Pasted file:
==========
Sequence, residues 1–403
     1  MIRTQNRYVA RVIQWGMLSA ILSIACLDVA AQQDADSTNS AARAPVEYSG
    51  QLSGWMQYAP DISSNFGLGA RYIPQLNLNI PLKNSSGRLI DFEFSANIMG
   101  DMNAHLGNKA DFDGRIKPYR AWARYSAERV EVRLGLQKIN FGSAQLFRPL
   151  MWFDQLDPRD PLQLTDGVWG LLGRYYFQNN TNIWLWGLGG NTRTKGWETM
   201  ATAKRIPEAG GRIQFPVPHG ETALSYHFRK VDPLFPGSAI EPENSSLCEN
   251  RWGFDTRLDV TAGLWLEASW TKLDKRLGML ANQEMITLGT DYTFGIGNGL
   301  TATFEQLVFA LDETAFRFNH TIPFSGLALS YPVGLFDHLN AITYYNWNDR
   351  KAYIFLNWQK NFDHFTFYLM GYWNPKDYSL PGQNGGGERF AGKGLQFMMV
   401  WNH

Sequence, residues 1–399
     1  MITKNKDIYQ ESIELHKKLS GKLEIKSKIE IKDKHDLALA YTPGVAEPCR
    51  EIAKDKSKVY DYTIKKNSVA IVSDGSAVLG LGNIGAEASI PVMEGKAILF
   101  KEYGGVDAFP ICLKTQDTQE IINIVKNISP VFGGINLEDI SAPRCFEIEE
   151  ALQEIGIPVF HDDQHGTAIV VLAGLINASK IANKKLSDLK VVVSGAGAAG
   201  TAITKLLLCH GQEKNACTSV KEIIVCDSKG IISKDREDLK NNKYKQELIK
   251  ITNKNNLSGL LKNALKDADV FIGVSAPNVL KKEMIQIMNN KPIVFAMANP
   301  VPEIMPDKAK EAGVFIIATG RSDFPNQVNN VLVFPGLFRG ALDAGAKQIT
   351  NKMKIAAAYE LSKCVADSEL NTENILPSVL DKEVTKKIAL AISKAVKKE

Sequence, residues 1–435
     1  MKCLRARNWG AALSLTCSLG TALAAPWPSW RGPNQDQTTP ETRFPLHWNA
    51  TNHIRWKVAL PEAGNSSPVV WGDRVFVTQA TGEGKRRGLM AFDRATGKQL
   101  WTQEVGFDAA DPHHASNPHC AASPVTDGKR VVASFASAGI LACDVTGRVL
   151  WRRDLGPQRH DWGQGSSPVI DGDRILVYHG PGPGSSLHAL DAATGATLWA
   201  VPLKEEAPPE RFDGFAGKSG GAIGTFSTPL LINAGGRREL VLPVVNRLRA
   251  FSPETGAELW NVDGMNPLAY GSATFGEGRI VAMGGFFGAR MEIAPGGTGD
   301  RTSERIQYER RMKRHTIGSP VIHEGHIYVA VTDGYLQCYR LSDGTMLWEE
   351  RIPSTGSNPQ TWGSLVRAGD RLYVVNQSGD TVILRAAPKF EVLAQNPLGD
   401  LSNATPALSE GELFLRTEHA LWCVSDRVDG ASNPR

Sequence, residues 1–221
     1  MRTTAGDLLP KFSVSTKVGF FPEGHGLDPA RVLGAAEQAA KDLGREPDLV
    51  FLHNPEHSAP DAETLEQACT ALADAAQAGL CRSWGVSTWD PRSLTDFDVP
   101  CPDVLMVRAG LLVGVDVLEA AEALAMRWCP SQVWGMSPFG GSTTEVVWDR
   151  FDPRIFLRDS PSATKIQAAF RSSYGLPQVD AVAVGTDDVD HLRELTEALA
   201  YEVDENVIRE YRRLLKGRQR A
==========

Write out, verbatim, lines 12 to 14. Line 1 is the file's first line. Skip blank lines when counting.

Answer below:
     1  MITKNKDIYQ ESIELHKKLS GKLEIKSKIE IKDKHDLALA YTPGVAEPCR
    51  EIAKDKSKVY DYTIKKNSVA IVSDGSAVLG LGNIGAEASI PVMEGKAILF
   101  KEYGGVDAFP ICLKTQDTQE IINIVKNISP VFGGINLEDI SAPRCFEIEE